Article inspired by Dr. Lee Baucom, PhD., author of Save The Marriage
Do I Love My Spouse or Is It Just Infatuation?
Have you ever asked yourself, “Do I love my spouse?” Well, if you’ve seen the musical, “Fiddler On the Roof”, you’ll know that it’s a story about the variable culture of marriage. It can change from one that’s arranged by family or determined by community, to one that’s based on mutual attraction.
In a song from the musical, Tevye asks his wife of 25 years if she loves him. She replies that, through all those years, she has kept house for him, prepared his meals, shared his bed and raised his children – so what kind of question is that?
The point is that, in their marriage, love was not a consideration or even a question. However, after some to-and-fro, they decide that they do, indeed, love each other.
The Initial Attraction
What do we really know about love and marriage? People fall in love and get together, then spend the rest of their lives learning to love each other. The initial attraction is actually about you and your feelings. You feel a particular way, which makes you aware that you are “in love”.
However, that aspect of the relationship is propelled by your need to be with the other person, the need to feel that way and the need to have your needs met. Your desire to feel the profound emotion of “being in love” is what energizes your needs.
In reality, however, love is a verb, an “action-word”, something you do for the other. In other words, it takes the rest of your life to learn how to honor your spouse’s needs. From your desire to be with your spouse comes your desire to meet your spouse’s love needs.
How the Initial Attraction Fools People
The overpowering feeling of attraction “fools” people into commitment, after which they have to apply effort to forge a sustained relationship. We say “fooled” because the culture we grow up with makes us believe that this love is the bedrock of a relationship. That is not so.
It is merely a starting point, which is, in any case, temporary. It’s not the destination; it’s just part of the journey of a lifetime relationship.
Those intense feelings will simmer down over time. You cannot sustain the “captivation” portion of a relationship that is marked by the overwhelming need to be with someone. Think of a flame in a bottle; sooner or later the flame will consume all the oxygen in the bottle and it will flicker out if nothing is done to sustain it.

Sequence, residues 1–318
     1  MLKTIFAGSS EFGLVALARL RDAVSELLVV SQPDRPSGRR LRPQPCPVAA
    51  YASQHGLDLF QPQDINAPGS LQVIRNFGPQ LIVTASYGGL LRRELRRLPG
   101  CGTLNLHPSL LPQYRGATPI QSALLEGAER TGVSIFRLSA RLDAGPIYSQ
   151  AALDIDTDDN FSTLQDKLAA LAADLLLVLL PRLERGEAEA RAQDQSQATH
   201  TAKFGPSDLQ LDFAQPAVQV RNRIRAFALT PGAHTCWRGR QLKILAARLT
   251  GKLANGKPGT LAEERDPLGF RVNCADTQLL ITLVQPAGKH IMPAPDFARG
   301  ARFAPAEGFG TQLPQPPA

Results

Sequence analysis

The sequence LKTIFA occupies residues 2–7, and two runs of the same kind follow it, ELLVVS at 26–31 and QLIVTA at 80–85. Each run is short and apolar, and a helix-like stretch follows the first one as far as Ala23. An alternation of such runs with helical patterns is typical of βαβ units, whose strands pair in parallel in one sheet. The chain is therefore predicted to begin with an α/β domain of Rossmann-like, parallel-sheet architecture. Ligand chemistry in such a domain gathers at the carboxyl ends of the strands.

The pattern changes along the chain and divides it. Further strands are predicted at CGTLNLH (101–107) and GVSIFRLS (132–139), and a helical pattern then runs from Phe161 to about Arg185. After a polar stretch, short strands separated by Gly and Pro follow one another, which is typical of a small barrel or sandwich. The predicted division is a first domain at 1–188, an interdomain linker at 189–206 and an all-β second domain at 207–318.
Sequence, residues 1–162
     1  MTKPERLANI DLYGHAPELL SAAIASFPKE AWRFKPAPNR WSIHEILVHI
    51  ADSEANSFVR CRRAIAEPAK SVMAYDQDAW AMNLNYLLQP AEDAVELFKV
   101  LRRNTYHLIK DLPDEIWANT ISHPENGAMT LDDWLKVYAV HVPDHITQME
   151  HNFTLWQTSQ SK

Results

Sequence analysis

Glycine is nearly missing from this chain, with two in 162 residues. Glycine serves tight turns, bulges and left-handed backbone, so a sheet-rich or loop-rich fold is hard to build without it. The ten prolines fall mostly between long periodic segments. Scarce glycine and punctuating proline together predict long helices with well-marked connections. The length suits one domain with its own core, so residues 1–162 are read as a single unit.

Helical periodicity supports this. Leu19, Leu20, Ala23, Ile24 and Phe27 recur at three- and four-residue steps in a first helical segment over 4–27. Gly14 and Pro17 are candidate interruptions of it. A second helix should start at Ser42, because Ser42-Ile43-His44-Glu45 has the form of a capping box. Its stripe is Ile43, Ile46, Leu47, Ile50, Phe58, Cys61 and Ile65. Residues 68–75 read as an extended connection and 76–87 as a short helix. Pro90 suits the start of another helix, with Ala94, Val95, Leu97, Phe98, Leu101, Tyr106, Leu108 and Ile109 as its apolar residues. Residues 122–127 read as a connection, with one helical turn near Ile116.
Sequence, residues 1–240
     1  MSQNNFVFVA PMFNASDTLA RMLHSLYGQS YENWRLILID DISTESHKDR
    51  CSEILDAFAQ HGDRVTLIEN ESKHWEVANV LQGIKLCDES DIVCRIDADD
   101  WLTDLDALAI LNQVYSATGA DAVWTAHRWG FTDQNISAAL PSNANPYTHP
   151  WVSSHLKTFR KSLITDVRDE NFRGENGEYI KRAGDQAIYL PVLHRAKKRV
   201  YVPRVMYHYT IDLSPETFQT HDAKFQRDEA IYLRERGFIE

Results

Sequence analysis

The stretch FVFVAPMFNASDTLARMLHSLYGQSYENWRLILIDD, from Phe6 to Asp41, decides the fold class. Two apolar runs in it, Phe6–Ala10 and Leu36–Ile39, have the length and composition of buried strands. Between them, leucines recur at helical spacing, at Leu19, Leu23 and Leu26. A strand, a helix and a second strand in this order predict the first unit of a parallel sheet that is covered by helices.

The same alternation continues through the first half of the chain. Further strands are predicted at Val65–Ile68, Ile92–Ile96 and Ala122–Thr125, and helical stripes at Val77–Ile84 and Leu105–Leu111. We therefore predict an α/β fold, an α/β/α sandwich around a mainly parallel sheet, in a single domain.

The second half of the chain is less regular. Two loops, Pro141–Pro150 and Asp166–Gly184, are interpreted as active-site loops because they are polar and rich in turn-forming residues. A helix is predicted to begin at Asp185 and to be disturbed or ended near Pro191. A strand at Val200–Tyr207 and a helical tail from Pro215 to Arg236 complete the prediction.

The Fuel That Keeps the Fire Burning
As you can see, there has to be some “fueling of the fire”. This fuel is “love”, the action-word. When you act in loving ways, you fuel the fire and it keeps burning. If you stop tending to your partner’s needs because you no longer feel that initial obsession, the relationship will gradually (or not so gradually) fade away.
If you continue to believe that infatuation is the foundation of a relationship, once that feeling is gone, you have the impression that you are no longer in love. But that is not the case – you have simply failed to fuel the fire.
Given the right settings and circumstances, any two people can fall in love (the chemistry of infatuation). However, making the switch to “true love” – that comes from action – is always more difficult.
Sustaining the Feeling of Being In Love
Don’t be fooled by chemistry – choose taking action to keep the fire stoked. By acting on love (making “love” an action-word instead of an emotion), you can keep the emotional fire burning. There lies the great irony. If you depend on the feeling of being in love to keep you and your partner together, your relationship will fail. But if you set your focus on being loving, you will automatically perpetuate the feeling of being in love.
Where are you on the path Saveto being a really loving spouse? Is your marriage just “average” or is it wonderful? You don’t need to settle for an “OK” marriage; you can make it exceptional – starting today!
To start making your marriage exceptional – Visit SaveTheMarriage.com